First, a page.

England: Children’s access to puberty blockers restricted in transgender healthcare case

England: Children’s access to puberty blockers restricted in transgender healthcare case

The UK’s only gender identity clinic for under-18s has lost a high-profile High Court battle over whether under-16s can consent to treatment with puberty blockers.

The NHS Gender Identity Development Service (GIDS) based at Tavistock NHS Trust has, since 2011, prescribed puberty blockers (PBs) to some under-16s diagnosed with gender dysphoria.

The treatment is intended to delay puberty in children who feel discomfort or distress because their body does not line up with their gender identity. The NHS and other experts describe the treatment as fully reversible, but critics say more research is needed into the long-term physical and psychological effects.

Yesterday’s judgment in Bell v Tavistock NHS Trust, which has been criticised by transgender rights groups, looks sceptically on whether children can be considered to meet the necessary capacity test – Gillick competence – to give consent to being treated with PBs.

Judges concluded that it is “highly unlikely that a child aged 13 or under would ever be Gillick competent to give consent to being treated with PBs” and that it is “very doubtful” that a child aged 14 and 15 “could understand the long-term risks and consequences of treatment in such a way as to have sufficient understanding to give consent”.

In respect of young people aged 16 and over, where there is “a presumption that they have the ability to consent to medical treatment”, judges said these could still be regarded by clinicians as “cases where the authorisation of the court should be sought prior to commencing the clinical treatment”.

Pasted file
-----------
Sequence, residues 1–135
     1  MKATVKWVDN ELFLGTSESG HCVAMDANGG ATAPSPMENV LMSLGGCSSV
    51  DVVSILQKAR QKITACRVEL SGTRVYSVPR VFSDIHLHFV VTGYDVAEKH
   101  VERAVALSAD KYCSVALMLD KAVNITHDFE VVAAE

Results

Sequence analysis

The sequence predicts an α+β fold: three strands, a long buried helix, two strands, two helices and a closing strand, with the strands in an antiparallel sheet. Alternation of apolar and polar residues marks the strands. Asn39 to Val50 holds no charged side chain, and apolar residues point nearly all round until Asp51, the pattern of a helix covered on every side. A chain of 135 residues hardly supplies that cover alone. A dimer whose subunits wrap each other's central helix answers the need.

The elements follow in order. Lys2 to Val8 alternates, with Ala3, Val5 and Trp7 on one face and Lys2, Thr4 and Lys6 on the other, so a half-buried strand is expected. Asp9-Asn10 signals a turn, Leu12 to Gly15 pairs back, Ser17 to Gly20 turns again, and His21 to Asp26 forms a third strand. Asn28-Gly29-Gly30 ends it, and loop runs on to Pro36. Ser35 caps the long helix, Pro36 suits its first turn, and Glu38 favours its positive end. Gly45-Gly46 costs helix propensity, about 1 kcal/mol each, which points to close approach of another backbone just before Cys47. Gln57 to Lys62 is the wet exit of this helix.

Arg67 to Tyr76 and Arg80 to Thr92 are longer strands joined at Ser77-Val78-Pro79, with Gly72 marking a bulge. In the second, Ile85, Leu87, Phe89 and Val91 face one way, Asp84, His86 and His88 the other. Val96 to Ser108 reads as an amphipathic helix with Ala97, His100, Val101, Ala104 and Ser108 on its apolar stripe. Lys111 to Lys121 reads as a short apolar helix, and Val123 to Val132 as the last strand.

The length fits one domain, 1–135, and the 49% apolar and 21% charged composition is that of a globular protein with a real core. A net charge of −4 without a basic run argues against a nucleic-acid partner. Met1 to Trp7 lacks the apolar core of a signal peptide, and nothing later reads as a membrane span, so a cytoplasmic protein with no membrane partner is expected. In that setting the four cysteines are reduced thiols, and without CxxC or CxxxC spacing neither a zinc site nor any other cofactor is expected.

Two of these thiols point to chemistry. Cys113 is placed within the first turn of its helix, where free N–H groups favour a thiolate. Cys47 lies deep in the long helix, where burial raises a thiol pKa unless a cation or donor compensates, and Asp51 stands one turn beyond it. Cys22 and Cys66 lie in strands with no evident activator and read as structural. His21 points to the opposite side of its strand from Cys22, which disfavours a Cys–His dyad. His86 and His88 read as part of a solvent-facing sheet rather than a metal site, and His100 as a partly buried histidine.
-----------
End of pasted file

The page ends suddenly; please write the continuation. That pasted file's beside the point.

Lui Asquith, director of legal, policy and operations at Mermaids UK, a charity that supports trans children, said: “It’s frankly a potential catastrophe for trans young people across the country and it cannot be exaggerated the impact that this might have, not only on the population of trans young people that require hormone blockers, but it may potentially open the floodgates towards other questions around bodily autonomy and who has the right to govern their own body.”

Irish legal academic Dr Sandra Duffy, a teaching associate at University of Bristol Law School, said the ruling is “likely to cause a significant chilling effect on the prescription of gender-affirming hormonal treatments to persons under 16”. In a blog post, she added that GIDS is reportedly “already contacting families of trans young people and cancelling their appointments”.

Although Tavistock has indicated that it will appeal the ruling and the matter may go all the way to the UK Supreme Court, prominent lawyer Jolyon Maugham QC has said he believes it will be “an extremely difficult decision to overturn on appeal”. Mr Maugham is involved in a separate legal case which argues that the waiting times for treatment by GIDS are unlawfully long.

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